November 2, 2010 / 3:19 PM / 7 years ago

Garbage may drive growth for Canada's truckers

BANGALORE (Reuters) - Canadian truckers are moving into less traditional areas such as collecting garbage and delivering parcels after the recession exposed their reliance on core trucking businesses like cargo and small freight shipping.

Mid-tier truckers TransForce Inc, Mullen Group and Contrans are looking to broaden their portfolio of specialized, niche services to guard against a return to pricing pressures.

"Deal sizes in waste management, for instance, can be all across the map," said Jason Granger, an analyst with BMO Capital Markets Canada, predicting deals in the $5-$10 million range, rising to $50 million in waste management.

Walter Spracklin, an analyst with RBC Capital Markets, expects TransForce and Contrans to be the chief gainers from acquisitions in waste management -- from garbage collection to landfills.

"It's a pretty good strategy to be going into -- a higher margin business with a little less competition and higher barriers to entry," Spracklin said.

Contrans, which has already made two acquisitions in waste management including assets from BFI Canada Inc in the past two months, reports quarterly results on Thursday, with investors looking for more on the company's acquisition strategy.

Niche services, which are tough to enter due to their specialized nature and technological requirements, are largely unaffected by spot market pricing, making them attractive investment targets.

As the economy picks up, so trucking should rebound, triggering more competition in truckers' core less-than-truckload (LTT) and truckload (TL) businesses, and again putting pressure on pricing.

Truckers' volumes and prices slumped during the downturn, hurt by low freight demand and trucking overcapacity, pushing even giants like YRC Worldwide close to the wall.

FROM PACKAGES TO OILSANDS ...

Package and courier and oilfield services are other non-traditional acquisition targets that could boost truckers' revenues over the next year.

TransForce is the only significant Canadian player in a package and courier delivery business dominated by Deutsche Post's DHL and U.S.-based UPS and FedEx Corp.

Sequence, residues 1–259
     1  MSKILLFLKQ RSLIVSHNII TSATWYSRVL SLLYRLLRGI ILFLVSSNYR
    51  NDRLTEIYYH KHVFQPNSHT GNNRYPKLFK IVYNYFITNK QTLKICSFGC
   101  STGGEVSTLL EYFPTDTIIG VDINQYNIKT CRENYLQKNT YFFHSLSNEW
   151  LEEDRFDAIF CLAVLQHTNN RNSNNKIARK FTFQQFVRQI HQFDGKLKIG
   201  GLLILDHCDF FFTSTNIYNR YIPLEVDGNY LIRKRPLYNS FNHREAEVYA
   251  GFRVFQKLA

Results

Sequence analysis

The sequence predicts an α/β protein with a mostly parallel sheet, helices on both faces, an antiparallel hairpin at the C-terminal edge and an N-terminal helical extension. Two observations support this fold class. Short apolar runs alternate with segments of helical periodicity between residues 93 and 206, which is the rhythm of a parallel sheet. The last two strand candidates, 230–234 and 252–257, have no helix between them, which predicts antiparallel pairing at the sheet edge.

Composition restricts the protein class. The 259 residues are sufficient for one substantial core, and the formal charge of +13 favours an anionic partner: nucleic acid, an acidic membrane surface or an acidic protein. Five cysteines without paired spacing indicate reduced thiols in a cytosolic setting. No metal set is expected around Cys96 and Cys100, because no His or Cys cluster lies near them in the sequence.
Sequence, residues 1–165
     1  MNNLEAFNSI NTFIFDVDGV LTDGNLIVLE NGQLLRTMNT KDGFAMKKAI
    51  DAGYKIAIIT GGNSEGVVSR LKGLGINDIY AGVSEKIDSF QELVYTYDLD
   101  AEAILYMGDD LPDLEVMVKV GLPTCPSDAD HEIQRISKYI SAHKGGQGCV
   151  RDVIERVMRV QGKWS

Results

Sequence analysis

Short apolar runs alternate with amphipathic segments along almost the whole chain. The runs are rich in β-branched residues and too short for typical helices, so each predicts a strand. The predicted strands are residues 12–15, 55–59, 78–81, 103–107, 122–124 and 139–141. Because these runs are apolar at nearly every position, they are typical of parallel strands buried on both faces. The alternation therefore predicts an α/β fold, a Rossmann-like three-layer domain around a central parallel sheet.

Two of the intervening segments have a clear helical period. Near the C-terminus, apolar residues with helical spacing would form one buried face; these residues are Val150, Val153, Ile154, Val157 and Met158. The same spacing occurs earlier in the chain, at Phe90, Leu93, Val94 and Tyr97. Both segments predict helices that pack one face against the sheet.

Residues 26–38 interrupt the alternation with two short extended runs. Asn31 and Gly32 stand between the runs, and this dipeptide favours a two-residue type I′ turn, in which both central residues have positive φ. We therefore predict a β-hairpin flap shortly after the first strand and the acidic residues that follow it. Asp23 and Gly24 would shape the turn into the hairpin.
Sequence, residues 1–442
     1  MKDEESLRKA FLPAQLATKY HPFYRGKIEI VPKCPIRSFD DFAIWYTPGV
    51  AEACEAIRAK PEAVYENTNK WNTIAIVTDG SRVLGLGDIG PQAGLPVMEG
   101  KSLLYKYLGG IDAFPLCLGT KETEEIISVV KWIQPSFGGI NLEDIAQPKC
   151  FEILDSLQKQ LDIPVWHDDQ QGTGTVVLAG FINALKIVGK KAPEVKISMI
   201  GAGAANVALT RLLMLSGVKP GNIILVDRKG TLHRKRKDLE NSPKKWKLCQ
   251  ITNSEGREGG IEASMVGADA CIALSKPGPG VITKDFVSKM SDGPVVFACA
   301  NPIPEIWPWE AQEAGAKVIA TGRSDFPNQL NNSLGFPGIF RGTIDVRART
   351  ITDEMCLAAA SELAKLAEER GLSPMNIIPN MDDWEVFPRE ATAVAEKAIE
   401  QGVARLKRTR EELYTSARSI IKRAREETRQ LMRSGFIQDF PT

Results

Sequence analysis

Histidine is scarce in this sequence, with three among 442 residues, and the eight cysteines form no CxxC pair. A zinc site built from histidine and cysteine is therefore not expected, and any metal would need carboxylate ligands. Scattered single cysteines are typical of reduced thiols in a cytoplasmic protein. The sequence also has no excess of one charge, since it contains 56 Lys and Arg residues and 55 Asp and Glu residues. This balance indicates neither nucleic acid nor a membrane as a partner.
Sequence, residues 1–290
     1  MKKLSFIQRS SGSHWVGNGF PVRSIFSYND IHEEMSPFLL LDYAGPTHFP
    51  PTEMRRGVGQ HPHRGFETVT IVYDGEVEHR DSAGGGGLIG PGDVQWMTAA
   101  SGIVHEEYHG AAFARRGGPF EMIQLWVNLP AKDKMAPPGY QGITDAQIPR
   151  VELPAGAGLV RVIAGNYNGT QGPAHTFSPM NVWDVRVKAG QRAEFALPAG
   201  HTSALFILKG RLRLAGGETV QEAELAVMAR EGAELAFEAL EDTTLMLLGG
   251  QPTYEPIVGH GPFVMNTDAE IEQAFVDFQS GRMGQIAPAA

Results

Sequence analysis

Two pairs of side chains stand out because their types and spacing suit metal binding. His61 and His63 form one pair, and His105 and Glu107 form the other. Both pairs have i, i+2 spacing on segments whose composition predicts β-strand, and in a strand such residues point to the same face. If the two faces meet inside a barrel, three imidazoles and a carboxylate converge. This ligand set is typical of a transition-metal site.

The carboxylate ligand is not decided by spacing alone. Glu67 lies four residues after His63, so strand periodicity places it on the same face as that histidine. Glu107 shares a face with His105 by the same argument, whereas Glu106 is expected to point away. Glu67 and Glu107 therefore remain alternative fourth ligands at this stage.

"Given that DHL has scaled down its operations in the U.S., there may be an opportunity for TransForce's package and courier business to partner DHL in Canada," said BMO Capital's Granger.

TransForce CEO Alain Bedard said last week that a major chunk of next year's C$60 million capex budget would be invested in the package and courier and specialized services sectors.

Both TransForce and Mullen, which posted better-than-expected profits last week, will be eyeing deals in energy services as activity picks up in the Canadian oilsands during winter.

Mullen's dewatering business -- which involves cleaning the tailings ponds around mines -- accounted for just C$10 million in revenue in 2004, but has grown 10-fold and could expand even faster through acquisitions.

"Given all the focus on water management around the oilsands, the dewatering business looks to be a terrific strategic move for Mullen," said Dana Benner, an analyst with Stifel Nicolaus & Co.

Truckers are eyeing distressed assets, following TransForce's lead in its $32 million acquisition of assets of Enquest Energy Services in July, to augment its oilfield services segment.

"Buy today while it's cheap, as opposed to when the recovery is back up and prices rise," said Spracklin.

Additional reporting by Viraj Nair in Bangalore, Editing by Ian Geoghegan

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